I have never enjoyed the winter season, specifically the month of December. Everyone is scrambling to buy the latest useless thing for their loved ones for the holidays, its cold, I can’t enjoy my happy places as much as I want to, and the month generally makes me want to sit at the house and do nothing. December gives me the blues. It is the perfect month to take time off, at least for me. I often argued that the school year should run from March until December, with the major vacation taking place during the whole winter, instead of the whole summer.
All of that being said, here’s what happens to me during the winter months. I lose some motivation, my production takes a hit, and I usually perform under average in most areas. But it goes away, typically by January. By January I become more motivated, I start getting better at things, I become more productive, and things usually return to normal within two weeks into the new year. And by March, the weather gets a bit better, I start going for daily runs outside again, and everything is back to normal. March and April have typically been my most productive times in the year, and that is because I have spent the winter months slowing everything down. Again, it is why I argue that school students should get the entire winter instead of the entire summer off.
That is not depression, no matter what anyone says. The blues is not depression. Slowing your work down and taking some time off of life is not depression. Having lapses in your discipline because there is pressure, or lack thereof, is not depression. And lastly, being overwhelmed by things that you want to do is not depression.
Do you want to know what depression is? Watch this clip of the infamous anime Dragon Ball Z. Watch the guy in the black hair, body armor, and the navy blue outfit. He has given up on everything and is letting his opponent beat him to a pulp.
When you feel like that every day for several months, no matter what the weather is, no matter how supportive those close to you are, then you might be depressed. Although there is more to this than just feeling bad and helpless.
You might enjoy feeling this way. You might actually like feeling helpless, like a leaf in the wind, like someone is torturing you and pounding you into a hamburger, like we see in this clip. It might make you feel bad for yourself which gives you all kinds of excuses to do nothing to improve yourself.
And here come your responses: “No, Joelsuf! I hate feeling this way! You still have no idea what depression is! You’ll never know what depression is!”
But I do. But before I get into that, I’d like to explain exactly what I mean when I argue that you may actually enjoy being depressed. Let’s call this being a “pleasure depressive.”
Let’s go back to my analysis of 13 Reasons Why, specifically why the girl in the book/show killed herself. Although I can sympathize (and even relate to) many of the things that poor girl went through, she was the type who enjoyed feeling bad. She made conscious decisions to always be around people who made her feel miserable. Now I agree that she was heavily influenced, as I explain here, but that does not mean that she did not have the ability to break away from the high school mentality, which is what her buddy did.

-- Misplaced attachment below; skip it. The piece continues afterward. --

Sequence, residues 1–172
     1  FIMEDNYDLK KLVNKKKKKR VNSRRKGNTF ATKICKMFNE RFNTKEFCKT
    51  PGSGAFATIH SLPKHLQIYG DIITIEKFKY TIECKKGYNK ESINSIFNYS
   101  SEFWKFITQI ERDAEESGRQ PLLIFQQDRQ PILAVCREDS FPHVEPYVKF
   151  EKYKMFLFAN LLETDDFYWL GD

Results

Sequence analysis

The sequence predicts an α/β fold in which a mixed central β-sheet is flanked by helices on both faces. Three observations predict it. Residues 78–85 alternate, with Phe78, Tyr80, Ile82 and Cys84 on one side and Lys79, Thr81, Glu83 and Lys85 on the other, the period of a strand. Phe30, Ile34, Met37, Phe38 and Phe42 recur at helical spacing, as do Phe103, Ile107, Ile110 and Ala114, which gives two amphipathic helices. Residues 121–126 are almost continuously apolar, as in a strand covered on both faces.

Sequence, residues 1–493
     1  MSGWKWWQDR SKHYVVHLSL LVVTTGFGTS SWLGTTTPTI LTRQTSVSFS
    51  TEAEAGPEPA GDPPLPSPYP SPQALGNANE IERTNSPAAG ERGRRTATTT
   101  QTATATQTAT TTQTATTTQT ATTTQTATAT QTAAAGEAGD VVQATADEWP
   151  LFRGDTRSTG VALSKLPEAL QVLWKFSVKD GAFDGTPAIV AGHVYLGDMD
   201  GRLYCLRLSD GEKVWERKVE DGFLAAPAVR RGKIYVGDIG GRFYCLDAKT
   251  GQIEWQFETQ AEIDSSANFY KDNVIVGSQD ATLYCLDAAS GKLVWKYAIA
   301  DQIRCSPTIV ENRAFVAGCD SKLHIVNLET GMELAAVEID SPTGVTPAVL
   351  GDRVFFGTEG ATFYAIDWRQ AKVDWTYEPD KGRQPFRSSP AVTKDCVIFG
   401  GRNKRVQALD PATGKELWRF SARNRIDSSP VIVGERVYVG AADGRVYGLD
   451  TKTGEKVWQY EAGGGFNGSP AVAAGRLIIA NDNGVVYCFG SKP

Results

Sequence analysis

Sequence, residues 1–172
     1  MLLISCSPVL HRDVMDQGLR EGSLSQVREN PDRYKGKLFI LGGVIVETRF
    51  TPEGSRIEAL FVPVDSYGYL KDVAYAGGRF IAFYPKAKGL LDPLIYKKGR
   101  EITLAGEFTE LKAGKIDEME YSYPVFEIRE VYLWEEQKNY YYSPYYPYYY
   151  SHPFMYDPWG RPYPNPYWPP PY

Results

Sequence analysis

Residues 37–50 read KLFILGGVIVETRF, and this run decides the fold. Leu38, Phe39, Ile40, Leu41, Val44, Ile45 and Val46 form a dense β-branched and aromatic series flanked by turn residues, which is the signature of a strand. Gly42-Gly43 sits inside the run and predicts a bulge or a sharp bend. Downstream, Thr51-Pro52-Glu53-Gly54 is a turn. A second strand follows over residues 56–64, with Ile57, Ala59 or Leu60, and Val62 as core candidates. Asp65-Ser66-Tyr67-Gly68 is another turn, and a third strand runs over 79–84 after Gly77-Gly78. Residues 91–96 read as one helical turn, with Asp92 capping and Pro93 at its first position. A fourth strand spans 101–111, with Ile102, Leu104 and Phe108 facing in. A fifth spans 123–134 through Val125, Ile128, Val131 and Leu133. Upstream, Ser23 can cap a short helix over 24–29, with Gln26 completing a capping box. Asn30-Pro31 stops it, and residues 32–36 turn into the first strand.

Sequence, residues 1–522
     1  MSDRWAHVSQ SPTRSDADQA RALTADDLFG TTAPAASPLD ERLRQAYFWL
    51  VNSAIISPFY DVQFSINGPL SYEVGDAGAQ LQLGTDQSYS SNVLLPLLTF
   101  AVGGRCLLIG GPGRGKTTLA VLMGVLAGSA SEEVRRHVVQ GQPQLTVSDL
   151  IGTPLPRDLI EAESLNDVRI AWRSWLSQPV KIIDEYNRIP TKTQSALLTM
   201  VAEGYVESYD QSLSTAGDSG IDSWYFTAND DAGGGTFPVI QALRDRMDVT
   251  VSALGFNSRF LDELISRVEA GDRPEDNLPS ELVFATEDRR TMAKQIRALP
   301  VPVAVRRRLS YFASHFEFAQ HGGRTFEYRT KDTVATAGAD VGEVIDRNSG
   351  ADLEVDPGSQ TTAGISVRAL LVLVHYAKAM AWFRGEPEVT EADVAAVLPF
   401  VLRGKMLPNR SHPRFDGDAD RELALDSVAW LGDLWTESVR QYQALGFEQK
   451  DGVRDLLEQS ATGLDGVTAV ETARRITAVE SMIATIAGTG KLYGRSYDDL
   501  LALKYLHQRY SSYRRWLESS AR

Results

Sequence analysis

One of my favorite shows in my high school years was Daria. The main character of that show is another example of someone who just enjoys being miserable and getting a rise out of others. She clearly enjoys her unhappiness and often uses it as a weapon, just like I did when I was in high school.
So now that we are able to discern between what the blues and being a pleasure depressive, let’s talk about actual depression. And for me, when I think of depression, I think of the years 2008 until 2011.
What people do not understand is that depressed people don’t just sit in their rooms all day and feel bad about things. That’s what pleasure depressives do. They do the things they do because they are begging for cheap sympathy from others or using the blues as an excuse to do nothing to improve themselves. I was doing none of the sort from 2008 until 2011. In that three year spread, I did a whole bunch of cool stuff, like travel outside the country and within the country on my college bowling team, but I was nihilistic to the core and really only cared about short term happiness that never lasted. Here are some things that I did in that three year spread that contributed to my self destruction:
-I took out almost $6000 per semester in student loans instead of holding down a full time job (or having any other source of consistent income) and paying for my expenses that way. I remember saying to therapists in 2011 and 2012 that I did this in an attempt to get me to take my own life.
-Despite having an idea of how to approach, invite and have sex with the opposite sex, and more opportunities than before or since, I decided not to pursue any romance
-I still had a crush on a girl I met in my freshman year, who at one point wanted sex (but I refused). I still attempted to pursue romance with her after this, but she was not having it (for obvious reasons)
-When I was living with my buddies, I attempted to control them by paying all of the bills of our apartment
-My grades were the worst I had ever received. At one point in 2008 I was nearly dismissed for having low grades. I hardly ever went to class and had next to no discipline.
-I had a sleeping pill addiction until 2009 when one of my childhood friends who was living with me left on very short notice.